# Cauchy's Theorem for Groups

Specifically: If $p$ is a prime divisor of the order of a finite group $G$, then there exists an element of order $p$ in $G$

So I'm looking for a little intuition behind this idea. I understand how to prove it, but I don't understand the idea behind it. I.e, if I hadn't already seen a proof, I wouldn't know why or if the statement of the theorem was correct. As stated, I'm looking for the core idea behind the proof.

Any insights on how you think of it would be appreciated! Thanks!

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Could you put up your understanding of what the theorem is and what proof you understand? Different things get different names is different places sometimes, especially if it's with someone as prolific as Cauchy. – Tom Oldfield Nov 16 '12 at 0:17
I'm sorry, I thought Cauchy did most of his work in analysis and that the "for Groups" would suffice. My apologies – user45793 Nov 16 '12 at 0:19
I'm sure it would, just want to make sure everyone is one the same page! – Tom Oldfield Nov 16 '12 at 0:20
@Tom: I didn't have any problem recognizing that the title corresponds to the theorem that the OP has stated. I'm pretty sure that his title is specific enough. – Haskell Curry Nov 16 '12 at 0:26
@Carl: The proof that you have seen - is it the one by McKay that uses a group action? – Haskell Curry Nov 16 '12 at 0:29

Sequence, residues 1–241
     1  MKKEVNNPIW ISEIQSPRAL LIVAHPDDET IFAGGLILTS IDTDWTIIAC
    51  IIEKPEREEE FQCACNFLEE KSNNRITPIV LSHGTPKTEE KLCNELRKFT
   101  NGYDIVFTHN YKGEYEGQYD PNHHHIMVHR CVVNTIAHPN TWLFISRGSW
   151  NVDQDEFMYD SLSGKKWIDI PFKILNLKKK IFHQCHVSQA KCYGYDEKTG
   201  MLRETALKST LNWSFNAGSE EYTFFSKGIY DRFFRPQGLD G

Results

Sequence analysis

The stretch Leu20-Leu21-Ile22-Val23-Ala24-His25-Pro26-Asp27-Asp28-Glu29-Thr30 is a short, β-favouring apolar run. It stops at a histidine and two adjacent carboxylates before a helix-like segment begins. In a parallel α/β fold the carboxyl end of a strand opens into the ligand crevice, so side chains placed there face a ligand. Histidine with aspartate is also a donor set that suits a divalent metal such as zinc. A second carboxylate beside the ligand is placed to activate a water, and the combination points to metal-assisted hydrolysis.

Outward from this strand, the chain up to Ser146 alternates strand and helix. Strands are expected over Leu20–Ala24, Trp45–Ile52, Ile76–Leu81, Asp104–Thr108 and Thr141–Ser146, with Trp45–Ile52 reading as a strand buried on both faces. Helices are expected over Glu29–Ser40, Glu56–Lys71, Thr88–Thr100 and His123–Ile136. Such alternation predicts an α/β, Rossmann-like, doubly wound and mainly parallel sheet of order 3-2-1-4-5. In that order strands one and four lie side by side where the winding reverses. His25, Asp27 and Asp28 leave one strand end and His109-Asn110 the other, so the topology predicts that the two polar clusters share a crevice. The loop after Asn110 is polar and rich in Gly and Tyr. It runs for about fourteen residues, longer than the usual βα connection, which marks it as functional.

What is the "intuition: behind the theorem "a function differentiable at some point is continuous at that point"? I'm not sure, but perhaps it'd be that the function is "smooth" enough at that point as to be continuous...or something like that.

What's the intuition behind Cauchy's Theorem? That a finite group having order a multiple of a prime $\,p\,$ has "to pay the price", i.e.: it must have at least one element of order that prime $\,p\,$...or something like this.

I can't say what the core behind Cauchy's idea was, but perhaps it stemmed from checking many examples and seeing there was an apparent common pattern to all of them.

So I'm not sure, but perhaps it was Cauchy's Theorem what gave Sylow some ideas or inspiration to make some research on this and eventually to come up with some of the most important and basic theorems in finite group theory.

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The idea behind it is that it is a partial converse to Lagrange's Theorem (that the order of any subgroup divides the order of the group). We seeks theorems of this kind because it means we can get information about the elements of a group just from knowing it's order, and then we can start to classify groups. i.e. we can then say that if a group has a certain size, it will be of a certain form. This gives an intuitive reason why we want theorems of this kind, but not of why it is true.

In fact, I don't think the theorem is intuitive(which I know is not what you want to hear!), and the proof that I've seen involving having the $\mathbb{Z_p}$ act on the set of p-tuples of the group is something that seems totally unnatural (although once understood it is very pretty, not to mention clever!) In fact, I don't think that there is a core idea behind the proof to be help understand why it's true. I think it is just an exercise in clever manipulation, not giving us much insight into the problem, in the same way that inductive proofs often give us answers but may not help us understand the question better.

I think that theorems like this one (and also the Sylow theorems) aren't obvious, but they are very, very useful. As such, when groups were first discovered, people were desperately trying to find theorems of this sort, so spent a long time thinking about them and discovered them in some manner or another, and so they were born for utility, not because they were intuitively true.

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